In the latest example of a failing health service, the booming town of Emerald, which makes a huge contribution to the Queensland economy through mining and agriculture, is losing its birthing facilities because an obstetrician and an anaesthetist cannot be found.

One of the town's GPs has had enough, saying he could no longer work at Emerald Hospital because of the "dangerous" lack of maternity services in the town of 18,000. Dr Ewen McPhee, 48, said the cutbacks had "gone too far".

More than half of Queensland's maternity units have been closed since 1995, with Emerald the 43rd out of 84 to be shut down in the past 15 years.

The service cuts have put regional babies and their mothers at risk, with the number of births by the side of the road, in the back of ambulances and cars, at home and on the way to hospital increasing a staggering 343 per cent - from 81 in 2004 to 359 in 2008 - state perinatal records reveal.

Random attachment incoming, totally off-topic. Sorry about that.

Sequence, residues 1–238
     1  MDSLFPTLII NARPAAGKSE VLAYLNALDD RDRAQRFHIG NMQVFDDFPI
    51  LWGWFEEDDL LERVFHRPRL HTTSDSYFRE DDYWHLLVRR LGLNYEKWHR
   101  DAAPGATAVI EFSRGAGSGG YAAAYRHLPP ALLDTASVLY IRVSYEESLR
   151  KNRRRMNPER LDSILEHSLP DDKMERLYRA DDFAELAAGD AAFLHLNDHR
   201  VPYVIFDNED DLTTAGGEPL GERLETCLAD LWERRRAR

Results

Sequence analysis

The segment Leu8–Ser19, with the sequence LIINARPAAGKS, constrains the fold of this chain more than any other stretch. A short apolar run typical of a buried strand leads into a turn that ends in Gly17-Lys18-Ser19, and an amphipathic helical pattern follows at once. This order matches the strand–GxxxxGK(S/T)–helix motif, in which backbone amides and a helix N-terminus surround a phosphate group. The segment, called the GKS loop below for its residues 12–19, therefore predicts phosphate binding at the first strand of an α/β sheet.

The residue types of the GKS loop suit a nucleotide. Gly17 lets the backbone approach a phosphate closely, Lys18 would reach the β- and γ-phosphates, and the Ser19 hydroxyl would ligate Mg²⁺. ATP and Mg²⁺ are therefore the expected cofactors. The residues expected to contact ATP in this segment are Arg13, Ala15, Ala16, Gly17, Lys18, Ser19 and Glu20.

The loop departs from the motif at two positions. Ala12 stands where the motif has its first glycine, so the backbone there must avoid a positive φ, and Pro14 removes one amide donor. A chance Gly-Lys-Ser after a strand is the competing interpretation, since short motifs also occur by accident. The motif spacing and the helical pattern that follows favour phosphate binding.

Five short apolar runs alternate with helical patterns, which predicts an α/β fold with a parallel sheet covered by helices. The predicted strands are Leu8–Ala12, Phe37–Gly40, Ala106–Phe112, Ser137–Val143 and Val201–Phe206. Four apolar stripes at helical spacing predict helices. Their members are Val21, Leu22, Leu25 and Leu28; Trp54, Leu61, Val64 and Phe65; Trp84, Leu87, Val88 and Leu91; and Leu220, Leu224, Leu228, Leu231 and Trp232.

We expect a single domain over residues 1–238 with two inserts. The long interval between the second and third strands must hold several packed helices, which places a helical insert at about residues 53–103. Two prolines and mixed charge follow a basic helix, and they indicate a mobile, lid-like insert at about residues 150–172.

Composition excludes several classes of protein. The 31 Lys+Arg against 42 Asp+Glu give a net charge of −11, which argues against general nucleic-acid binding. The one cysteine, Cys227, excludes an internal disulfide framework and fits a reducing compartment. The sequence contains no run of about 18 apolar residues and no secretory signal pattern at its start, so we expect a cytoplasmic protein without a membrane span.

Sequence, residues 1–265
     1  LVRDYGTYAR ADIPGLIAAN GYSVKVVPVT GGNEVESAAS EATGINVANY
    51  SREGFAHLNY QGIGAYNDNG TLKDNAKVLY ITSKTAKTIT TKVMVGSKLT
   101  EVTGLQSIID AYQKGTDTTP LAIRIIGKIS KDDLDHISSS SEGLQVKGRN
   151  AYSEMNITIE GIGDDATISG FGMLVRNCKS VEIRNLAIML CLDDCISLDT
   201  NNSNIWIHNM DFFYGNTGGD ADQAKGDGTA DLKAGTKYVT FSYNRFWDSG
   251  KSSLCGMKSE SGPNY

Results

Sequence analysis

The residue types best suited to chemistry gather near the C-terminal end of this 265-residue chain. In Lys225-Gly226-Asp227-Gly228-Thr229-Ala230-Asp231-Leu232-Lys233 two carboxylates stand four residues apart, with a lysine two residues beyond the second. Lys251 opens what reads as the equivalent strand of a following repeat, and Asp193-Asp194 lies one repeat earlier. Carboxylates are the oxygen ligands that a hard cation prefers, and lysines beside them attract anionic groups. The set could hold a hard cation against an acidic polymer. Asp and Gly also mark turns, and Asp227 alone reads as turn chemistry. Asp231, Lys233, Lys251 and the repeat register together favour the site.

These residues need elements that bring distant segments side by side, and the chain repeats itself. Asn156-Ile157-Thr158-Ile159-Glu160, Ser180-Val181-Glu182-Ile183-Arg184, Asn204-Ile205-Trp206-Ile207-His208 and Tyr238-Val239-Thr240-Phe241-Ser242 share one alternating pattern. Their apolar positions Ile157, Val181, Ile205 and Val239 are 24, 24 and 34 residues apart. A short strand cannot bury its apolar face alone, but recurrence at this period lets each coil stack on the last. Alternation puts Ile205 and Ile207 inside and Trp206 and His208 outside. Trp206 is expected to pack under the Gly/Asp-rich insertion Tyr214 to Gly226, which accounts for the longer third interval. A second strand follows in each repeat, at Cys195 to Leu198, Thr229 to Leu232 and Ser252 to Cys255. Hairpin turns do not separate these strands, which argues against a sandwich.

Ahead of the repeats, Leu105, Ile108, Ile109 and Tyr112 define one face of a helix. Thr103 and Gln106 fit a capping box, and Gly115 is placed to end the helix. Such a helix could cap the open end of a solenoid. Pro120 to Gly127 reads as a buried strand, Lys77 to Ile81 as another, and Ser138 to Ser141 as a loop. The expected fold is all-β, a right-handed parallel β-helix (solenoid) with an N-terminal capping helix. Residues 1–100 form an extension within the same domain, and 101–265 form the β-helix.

Five years ago, the Labor Government under Peter Beattie promised to reform maternity services by 2010, following the Hirst report in 2004. That report was damning of the state's maternal care after 36 closures of units, with women being forced to leave their families to have a baby and drive for hours to receive health care. Since that review, seven more maternity centres have closed.

The Emerald community is furious at Queensland Health's inability to find a doctor and an anaesthetist to operate birthing services at the town's hospital. More than 1840 residents have joined the Save Emerald Birthing Facebook page.

Spokeswoman for the Save Emerald Birthing Group, mother-of-two Larissa Burnett, lives with her husband on a cotton property an hour west of Emerald. "Emerald is an area of 52,000sq km - it's pretty big anyway without having to drive to Rockhampton," Mrs Burnett said.

A town meeting recently was attended by Queensland Health officials, who promised to find a doctor for the community.

Emerald Hospital has a midwifery-led unit that delivered 310 babies last year but to operate at full capacity it needs a doctor and an anaesthetist to perform emergency procedures such as caesareans.